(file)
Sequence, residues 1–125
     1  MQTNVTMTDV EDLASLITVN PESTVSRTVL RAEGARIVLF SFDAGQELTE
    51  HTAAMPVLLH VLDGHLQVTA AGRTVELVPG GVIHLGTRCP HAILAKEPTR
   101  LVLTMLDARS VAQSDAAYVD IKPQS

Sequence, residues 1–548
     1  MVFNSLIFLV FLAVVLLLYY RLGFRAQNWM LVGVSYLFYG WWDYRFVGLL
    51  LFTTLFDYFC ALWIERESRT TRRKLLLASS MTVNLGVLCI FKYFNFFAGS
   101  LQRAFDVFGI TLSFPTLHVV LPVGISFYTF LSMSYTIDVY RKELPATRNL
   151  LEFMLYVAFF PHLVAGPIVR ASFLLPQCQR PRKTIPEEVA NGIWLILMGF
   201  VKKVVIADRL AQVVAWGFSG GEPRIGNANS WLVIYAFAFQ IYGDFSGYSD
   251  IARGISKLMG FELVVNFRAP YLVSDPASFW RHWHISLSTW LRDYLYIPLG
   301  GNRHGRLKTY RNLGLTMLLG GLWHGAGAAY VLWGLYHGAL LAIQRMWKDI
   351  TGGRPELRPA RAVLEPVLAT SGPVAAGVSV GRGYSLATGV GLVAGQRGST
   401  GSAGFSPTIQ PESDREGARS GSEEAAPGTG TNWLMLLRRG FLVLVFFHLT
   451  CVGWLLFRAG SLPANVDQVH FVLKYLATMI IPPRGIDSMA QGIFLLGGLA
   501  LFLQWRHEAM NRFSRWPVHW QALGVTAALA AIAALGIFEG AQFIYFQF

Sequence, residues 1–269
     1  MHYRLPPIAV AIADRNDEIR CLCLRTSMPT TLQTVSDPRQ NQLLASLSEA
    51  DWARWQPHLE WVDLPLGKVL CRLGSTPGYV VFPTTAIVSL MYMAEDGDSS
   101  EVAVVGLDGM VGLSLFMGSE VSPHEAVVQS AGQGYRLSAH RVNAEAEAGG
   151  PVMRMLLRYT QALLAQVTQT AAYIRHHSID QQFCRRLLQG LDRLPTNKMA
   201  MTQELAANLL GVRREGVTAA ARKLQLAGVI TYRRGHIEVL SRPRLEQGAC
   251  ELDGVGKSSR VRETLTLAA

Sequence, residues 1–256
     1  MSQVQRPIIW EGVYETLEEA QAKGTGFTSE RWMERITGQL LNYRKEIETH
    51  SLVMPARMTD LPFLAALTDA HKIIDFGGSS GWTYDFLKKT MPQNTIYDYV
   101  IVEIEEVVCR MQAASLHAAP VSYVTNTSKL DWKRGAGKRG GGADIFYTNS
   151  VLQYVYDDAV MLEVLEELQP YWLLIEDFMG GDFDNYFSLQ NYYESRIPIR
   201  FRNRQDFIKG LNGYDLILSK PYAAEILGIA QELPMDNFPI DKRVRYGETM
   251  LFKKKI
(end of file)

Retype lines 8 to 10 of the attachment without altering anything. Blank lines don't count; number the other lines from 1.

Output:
   101  LQRAFDVFGI TLSFPTLHVV LPVGISFYTF LSMSYTIDVY RKELPATRNL
   151  LEFMLYVAFF PHLVAGPIVR ASFLLPQCQR PRKTIPEEVA NGIWLILMGF
   201  VKKVVIADRL AQVVAWGFSG GEPRIGNANS WLVIYAFAFQ IYGDFSGYSD